“People who are homeless are not social inadequates.
They are people without homes.”
The other day I visited the Hollyhock House. The Hollyhock House is the first house designed by Frank Lloyd Wright in Los Angeles in the 1920s.
The house sits high above Hollywood Boulevard on over 26 acres, with views of the iconic Hollywood sign and Griffith Park Observatory.
I’ve been looking forward to this visit for quite some time. The tour was a disappointment. Mostly because you’re not allowed to take photos of the interior and because they only allow access to less than 1,000 square feet out of 5,000 square feet of the house.
But, the most disappointing part of the day was the sight of all the homelessness in and around Hollywood Boulevard. I haven’t been to Hollywood in almost three years and I was saddened and shocked to see the increase in the number of homeless people.
On any given day, at least 800,000 people are homeless in the United States, including about 200,000 children in homeless families. At least 2.3 million people experienced homelessness at some time during an average year. Because more families with children than unpartnered people enter and leave homelessness during a year, families represent a relatively large share of the annual population. As a result, during a typical year, between 900,000 and 1.4 million children are homeless with their families.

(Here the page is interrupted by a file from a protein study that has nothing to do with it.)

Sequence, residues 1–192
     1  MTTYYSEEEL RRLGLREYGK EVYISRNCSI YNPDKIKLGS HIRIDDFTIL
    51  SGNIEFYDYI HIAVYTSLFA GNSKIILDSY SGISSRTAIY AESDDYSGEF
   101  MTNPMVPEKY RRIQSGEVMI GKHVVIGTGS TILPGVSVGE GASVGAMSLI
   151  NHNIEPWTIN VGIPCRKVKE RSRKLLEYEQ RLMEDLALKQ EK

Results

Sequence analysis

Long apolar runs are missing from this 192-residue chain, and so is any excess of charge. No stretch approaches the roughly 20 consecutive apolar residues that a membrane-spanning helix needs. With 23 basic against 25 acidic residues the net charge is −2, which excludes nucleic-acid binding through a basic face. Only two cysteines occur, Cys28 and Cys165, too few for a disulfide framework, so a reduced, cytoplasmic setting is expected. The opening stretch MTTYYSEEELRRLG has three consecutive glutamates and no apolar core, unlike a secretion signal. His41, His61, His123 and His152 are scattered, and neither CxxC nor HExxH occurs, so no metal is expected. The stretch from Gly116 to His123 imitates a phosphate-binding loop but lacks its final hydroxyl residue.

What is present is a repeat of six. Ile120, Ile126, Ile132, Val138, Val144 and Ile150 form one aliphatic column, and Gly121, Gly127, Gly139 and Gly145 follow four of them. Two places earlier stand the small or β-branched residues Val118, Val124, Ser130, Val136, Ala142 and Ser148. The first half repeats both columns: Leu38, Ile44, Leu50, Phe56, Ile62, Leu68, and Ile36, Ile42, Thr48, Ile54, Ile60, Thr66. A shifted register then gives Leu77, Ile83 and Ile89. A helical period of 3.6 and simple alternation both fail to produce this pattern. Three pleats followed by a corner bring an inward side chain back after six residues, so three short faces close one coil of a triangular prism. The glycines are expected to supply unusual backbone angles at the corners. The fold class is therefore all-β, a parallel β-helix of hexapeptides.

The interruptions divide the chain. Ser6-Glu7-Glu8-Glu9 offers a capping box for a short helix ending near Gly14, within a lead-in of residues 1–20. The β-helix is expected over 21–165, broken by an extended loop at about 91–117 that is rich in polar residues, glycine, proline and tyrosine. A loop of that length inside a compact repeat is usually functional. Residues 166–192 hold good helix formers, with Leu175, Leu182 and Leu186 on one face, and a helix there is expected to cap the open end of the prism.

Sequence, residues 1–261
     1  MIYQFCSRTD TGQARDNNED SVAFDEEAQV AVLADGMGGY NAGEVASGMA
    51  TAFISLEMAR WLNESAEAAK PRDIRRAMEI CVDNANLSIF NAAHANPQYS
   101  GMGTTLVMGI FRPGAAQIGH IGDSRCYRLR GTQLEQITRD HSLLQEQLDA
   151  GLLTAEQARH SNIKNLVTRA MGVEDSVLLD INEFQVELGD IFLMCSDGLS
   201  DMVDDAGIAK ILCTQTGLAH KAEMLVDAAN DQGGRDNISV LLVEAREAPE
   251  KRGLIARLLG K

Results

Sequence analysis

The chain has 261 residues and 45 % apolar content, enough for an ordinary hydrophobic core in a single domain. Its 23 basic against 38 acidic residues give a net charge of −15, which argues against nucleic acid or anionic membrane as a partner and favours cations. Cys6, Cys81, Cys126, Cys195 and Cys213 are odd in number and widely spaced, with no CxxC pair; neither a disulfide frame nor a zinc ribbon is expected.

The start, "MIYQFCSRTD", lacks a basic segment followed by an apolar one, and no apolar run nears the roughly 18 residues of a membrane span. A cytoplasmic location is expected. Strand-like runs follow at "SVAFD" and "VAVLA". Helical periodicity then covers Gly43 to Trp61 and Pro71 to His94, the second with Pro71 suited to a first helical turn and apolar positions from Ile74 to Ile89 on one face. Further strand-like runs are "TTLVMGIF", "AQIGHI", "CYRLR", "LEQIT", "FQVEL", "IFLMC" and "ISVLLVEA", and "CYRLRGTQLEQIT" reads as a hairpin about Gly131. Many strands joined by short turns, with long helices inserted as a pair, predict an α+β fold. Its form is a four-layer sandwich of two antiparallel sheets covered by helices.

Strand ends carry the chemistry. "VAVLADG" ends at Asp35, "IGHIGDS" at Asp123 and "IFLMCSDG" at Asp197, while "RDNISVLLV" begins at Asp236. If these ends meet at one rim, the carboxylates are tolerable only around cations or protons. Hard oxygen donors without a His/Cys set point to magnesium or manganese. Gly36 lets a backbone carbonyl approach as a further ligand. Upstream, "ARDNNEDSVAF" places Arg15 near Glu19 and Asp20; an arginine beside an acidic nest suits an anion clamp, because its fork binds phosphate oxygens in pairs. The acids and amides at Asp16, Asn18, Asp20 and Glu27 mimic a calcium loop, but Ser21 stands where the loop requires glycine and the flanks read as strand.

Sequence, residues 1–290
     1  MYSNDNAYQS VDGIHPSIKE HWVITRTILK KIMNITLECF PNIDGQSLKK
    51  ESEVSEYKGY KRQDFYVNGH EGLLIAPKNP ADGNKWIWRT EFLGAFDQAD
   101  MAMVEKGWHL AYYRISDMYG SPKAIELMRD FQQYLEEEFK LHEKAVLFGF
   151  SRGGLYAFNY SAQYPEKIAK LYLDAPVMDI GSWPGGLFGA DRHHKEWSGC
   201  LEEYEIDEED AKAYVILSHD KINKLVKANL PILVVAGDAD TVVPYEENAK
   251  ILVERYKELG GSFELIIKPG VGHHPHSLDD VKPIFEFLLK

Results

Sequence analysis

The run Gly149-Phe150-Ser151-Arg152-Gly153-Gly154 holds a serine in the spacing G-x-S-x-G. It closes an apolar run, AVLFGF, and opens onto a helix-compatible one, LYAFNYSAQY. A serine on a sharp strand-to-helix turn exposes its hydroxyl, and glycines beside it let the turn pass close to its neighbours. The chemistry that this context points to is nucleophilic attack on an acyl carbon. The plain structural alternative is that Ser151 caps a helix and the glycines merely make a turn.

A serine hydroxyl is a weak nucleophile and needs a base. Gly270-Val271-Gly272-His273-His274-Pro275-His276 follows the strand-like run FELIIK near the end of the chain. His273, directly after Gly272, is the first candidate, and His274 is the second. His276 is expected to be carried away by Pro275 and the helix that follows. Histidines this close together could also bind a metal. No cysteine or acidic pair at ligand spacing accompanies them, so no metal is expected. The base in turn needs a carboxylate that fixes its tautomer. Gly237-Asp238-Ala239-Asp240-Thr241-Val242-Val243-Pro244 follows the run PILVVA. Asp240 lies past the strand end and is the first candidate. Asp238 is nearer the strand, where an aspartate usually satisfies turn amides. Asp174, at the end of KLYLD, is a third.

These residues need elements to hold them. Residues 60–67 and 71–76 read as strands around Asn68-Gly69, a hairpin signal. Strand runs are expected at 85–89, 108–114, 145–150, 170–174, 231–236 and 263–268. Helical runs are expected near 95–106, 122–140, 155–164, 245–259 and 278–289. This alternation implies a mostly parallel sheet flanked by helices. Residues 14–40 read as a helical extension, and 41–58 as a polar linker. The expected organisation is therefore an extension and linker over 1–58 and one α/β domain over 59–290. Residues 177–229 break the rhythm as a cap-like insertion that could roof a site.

What will end homelessness? I don’t have the answer. I know there are organizations in every community to help the homeless. But, until this country decides to take steps to help the homeless, because most cannot help themselves, there will always be the homeless.
Thomas Jefferson had an interesting take on the homeless over two hundred years ago:
“I believe that banking institutions are more dangerous to our liberties than standing armies. If the American people ever allow private banks to control the issue of their currency, first by inflation, then by deflation, the banks and corporations that will grow up around [the banks] will deprive the people of all property until their children wake-up homeless on the continent their fathers conquered. The issuing power should be taken from the banks and restored to the people, to whom it properly belongs.”